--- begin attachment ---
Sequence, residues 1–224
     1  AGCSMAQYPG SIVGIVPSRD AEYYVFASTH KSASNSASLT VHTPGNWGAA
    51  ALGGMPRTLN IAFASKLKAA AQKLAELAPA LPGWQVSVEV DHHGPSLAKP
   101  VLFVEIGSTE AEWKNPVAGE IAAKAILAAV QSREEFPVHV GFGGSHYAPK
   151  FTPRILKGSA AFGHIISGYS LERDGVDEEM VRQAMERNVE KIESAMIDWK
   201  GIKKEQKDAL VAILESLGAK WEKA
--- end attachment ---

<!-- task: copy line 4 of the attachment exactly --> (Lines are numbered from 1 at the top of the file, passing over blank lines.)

   101  VLFVEIGSTE AEWKNPVAGE IAAKAILAAV QSREEFPVHV GFGGSHYAPK